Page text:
The Rise of Ballot Box Transportation and Finance in California, and Its Implications for the Future

Research Team: Brian Taylor (lead), Michael Manville, and Mark Garrett

UC Campus(es): UCLA

Problem Statement: Without question the most significant change to transportation finance in California over the past half-century has been the rise of voter-approved local option sales taxes for transportation. While the effects of the influx of money on California’s transportation systems has been widely noted, what has gotten less attention is the way that project lists, crafted for and approved by voters, can cast transportation planning into stone in ways that can bypass and obstruct state and federal goals for transportation.

Project Description: This research finalized work led by Professor Emeritus Martin Wachs that examined the rise of local option sales taxes for transportation, how they have played out over time, and what they mean for transportation planning in California today. The resulting published works explains how ballot box finance fits into the longer historical arc of transportation finance in California, analyzes the growth of local option sales taxes for transportation in California, examines voting patterns on proposed taxes to fund transportation, considers the equity implications of local option sales taxes, and explores the local politics surrounding the creation and promotion of transportation tax ballot measures.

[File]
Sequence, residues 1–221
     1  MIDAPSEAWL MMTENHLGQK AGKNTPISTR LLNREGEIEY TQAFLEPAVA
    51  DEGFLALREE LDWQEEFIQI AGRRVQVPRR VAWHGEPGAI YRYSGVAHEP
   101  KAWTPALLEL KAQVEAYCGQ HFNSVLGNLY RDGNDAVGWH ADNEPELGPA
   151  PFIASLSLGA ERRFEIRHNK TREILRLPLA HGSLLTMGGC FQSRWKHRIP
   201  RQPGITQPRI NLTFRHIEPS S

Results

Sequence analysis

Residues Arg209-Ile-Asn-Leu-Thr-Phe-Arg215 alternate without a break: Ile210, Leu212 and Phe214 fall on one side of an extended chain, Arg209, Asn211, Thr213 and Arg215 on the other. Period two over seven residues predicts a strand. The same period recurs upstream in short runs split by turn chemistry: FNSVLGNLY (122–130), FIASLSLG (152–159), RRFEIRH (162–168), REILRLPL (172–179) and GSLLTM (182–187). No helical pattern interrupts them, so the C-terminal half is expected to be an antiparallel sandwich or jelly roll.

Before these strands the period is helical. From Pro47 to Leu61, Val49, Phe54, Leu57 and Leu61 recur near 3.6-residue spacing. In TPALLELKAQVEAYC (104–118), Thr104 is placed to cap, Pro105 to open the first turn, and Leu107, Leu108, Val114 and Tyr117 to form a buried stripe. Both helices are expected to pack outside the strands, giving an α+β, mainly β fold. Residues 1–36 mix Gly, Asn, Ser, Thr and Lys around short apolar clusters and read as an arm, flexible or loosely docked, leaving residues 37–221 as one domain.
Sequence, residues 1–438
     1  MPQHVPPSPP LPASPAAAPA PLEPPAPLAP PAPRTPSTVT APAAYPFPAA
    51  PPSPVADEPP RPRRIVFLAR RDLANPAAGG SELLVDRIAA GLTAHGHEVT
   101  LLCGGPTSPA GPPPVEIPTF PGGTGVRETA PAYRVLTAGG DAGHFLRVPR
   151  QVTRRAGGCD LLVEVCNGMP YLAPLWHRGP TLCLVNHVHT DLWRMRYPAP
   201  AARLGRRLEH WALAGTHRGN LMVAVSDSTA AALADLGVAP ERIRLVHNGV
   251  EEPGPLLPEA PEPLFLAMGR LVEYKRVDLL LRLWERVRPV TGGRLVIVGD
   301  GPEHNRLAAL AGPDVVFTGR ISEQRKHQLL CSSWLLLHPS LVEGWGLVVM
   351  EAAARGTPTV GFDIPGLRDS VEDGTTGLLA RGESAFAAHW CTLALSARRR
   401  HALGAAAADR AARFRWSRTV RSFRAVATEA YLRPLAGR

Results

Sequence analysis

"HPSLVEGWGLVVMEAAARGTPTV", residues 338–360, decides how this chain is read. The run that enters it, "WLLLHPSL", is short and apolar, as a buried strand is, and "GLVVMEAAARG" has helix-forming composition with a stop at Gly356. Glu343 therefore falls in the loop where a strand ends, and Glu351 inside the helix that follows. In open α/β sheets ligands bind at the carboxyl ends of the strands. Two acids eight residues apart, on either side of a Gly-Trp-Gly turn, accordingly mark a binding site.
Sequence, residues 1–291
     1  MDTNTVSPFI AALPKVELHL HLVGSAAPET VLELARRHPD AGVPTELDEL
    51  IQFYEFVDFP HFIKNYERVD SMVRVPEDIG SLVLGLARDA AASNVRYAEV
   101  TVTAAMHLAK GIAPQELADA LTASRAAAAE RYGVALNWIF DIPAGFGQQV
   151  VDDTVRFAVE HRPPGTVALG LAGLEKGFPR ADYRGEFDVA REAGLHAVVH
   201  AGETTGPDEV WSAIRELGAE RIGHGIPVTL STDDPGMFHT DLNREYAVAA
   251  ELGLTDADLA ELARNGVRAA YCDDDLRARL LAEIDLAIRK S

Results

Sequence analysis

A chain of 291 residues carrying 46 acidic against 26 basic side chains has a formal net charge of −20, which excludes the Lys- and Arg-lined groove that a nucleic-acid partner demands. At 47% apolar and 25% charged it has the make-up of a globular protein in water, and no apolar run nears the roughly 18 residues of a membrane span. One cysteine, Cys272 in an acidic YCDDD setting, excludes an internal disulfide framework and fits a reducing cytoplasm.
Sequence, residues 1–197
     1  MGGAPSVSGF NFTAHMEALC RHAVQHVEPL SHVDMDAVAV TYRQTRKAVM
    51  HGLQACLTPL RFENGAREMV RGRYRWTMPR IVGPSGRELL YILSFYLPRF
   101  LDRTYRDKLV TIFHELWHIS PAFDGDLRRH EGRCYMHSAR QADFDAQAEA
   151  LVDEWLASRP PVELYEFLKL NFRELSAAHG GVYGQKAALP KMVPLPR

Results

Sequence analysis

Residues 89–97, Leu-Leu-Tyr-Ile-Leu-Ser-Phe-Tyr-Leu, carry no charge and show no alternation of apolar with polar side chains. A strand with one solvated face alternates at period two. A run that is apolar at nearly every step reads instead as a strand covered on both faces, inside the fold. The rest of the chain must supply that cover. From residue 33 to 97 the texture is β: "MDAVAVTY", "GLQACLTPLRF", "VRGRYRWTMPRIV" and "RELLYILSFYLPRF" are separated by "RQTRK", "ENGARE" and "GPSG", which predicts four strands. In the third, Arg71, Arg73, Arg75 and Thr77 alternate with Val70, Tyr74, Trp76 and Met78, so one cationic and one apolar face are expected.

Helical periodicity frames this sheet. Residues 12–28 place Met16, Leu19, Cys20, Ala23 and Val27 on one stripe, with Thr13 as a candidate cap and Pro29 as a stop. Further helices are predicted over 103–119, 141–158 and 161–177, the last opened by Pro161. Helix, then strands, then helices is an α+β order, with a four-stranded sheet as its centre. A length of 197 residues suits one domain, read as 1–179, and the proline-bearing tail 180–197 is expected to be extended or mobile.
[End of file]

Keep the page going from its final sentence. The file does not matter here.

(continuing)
Status: In Progress

Budget: $20,000

Policy Brief(s):